Comment: Harps need to find managerial stability

Felix Healy who resigned as Finn Harps Director of Football last weekend.


FELIX Healy’s exit from Finn Park last week was a swift one.


As they trooped off the Ferrycarrig pitch in Wexford, Healy mentioned to Peter Hutton that he was calling it a day. “That’s it kid, I’m done,” Healy told his apprentice.

His subsequent announcement was without much fanfare, posted on the Harps website, and it was not wholly unexpected either. The departure of the club’s Director of Football means that once again the managerial structure at Finn Harps is altered.

It’s sadly an all-too familiar scenario. This changing of the guard on Navenny Street wasn’t of the Harps Board’s doing, though. This was Felix’s decision; ‘other commitments’ left him unable to give the job his full time.

Healy’s title might well have been ‘Director of Football’ with Peter Hutton pencilled on the club’s form to the FAI as ‘first team manager’. It was well known, though, that it was Healy who called the shots. The buck stopped with him, he was the ‘gaffer’ to paraphrase the much-maligned Steve Staunton.

Confirmation came last weekend that Hutton would continue in the role of team manager, with assistance provided by Shaun McGowan – no stranger himself to the Finn Park dugout.

Harps are in troubled times and could be doing with some stability – particularly in terms of their management. Patsy McGowan remains, by some stretch, the manager who has served Harps the longest, but a quick run through the timeline of Harps managers makes for startling reading.

McGowan had three spells as manager, the last of them the 45-month stint that ended in February 1996. Including Dermot Keely and most recently Felix’s twelve-month tenure as Director of Football, Harps have had ten permanent employees as first team manager. Of those, the longest serving was Charlie McGeever, whose project appeared to be working when he took the club to the FAI Cup final in May 1999.


Five months later, he was packing his desk at Finn Park. Closest to him in terms of longevity was Jonathan Speake, who had 32 months in terms of a ‘nearly’ team – his team almost avoided relegation in 2001, and suffered a promotion play-off defeat the following year.

Paul Hegarty reigned for 29 months, but parted ways in May 2009, while James Gallagher had a difficult 29 months at the helm.

Going back through Harps history and the five and a half years that Eunan ‘Busty’ Blake had at the club between December 1976 and April 1982 is the next longest to McGowan’s record when it comes to their period leading the club.

Harps never have been able to find a long-term appointment. Just when McGeever seemed to be on his way to building something, the jigsaw crumbled and he walked before being pushed after an inglorious beginning to the 1999/00 season, while a budget of close to €1million was given to Hegarty after he won promotion in 2007. A year later, Harps were tamely relegated – and the Ballindrait man lasted just a mere couple of months into the 2009 season.

In December 1984, Bobby Toland took over after McGowan’s second coming ended in despair. In the 27 and a bit years since, Healy’s last 12 months was the 15th separate permanent fixture to be over first team affairs at the club. Hutton and McGowan will now be considered as the 16th since Toland was annointed to the throne in ‘84.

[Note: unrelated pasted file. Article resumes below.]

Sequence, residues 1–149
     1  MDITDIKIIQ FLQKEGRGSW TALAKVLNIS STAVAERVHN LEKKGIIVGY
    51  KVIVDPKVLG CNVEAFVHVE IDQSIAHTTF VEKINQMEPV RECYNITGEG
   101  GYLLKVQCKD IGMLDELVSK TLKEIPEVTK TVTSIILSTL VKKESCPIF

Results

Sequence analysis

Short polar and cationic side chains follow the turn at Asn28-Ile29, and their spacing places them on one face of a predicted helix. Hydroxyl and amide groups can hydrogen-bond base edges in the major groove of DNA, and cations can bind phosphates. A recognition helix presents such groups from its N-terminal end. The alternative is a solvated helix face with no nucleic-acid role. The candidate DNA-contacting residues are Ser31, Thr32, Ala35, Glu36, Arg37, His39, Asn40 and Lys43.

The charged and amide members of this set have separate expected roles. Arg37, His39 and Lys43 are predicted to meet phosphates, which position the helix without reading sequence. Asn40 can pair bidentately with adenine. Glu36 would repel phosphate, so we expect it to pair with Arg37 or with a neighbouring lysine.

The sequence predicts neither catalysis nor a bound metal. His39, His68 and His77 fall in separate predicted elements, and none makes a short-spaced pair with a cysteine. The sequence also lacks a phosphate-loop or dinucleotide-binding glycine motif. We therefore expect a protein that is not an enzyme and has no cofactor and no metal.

There have been countless caretakers in charge in between those eras. Between April 1996 and June 1992, Harry Walsh, now this stable’s esteemed sports editor, had six different bosses. He played under Tom McConville, Chris Rutherford and John O’Neill. For the Shield campaign of ‘87, Jim ‘Jumbo’ Crossan and Terry Kelly had charge after McConville departed; players Con McLaughlin and Eddie McGinley came in between Rutherford and O’Neill for a month; while club secretary Alex Harkin was caretaker for the end of the 1991/92 season.

“We all like routine and consistency – if a manager likes you, happy days but, conversely, if he doesn’t you mightn’t kick a ball for a long time. There were a lot of changes in those times and you didn’t know what to expect from one manager to the next,” he remembers.

“We had a lot of strong characters in the dressing room like like Ian Arkwright, Tony Fagan, Declan McIntyre, Con McLaughlin, Liam ‘Roper’ McDermott and Tony Hutton and they were effectively our leaders.

“For example, the first time I played for Harps against Derry in The Brandywell, I was marking Kevin Mahon. He nut-megged me early on and asked me if my mother knew I was ‘out playing with the big boys’. There were over 12,000 people at the game that day and Mahon had me spooked. ‘Roper’ saw that and switched me – I took Owen da Gama and he went on Mahon. I would have marked Pele that day – anything to get off Mahon.”

The point was that it was the player, McDermott, who took the decision, not the manager.

The current Harps team is devoid of the experience and know-how of the likes of McDermott, McLaughlin and co. That’s why the leadership from the sidelines is a vital commodity if the Harps ship will sail through these choppy waters.

It was heartening to hear Hutton speak this week of continuing the project.

“We’d envisaged a two or three year spell to turn the club around. We wanted to put good structures in place, not just trying to put together a good first-team, and that objective hasn’t really changed,” he said.

What Harps need is for Hutton to see that through – not for him to become another statistic in the ever-changing roll of honour that is their managerial appointments.



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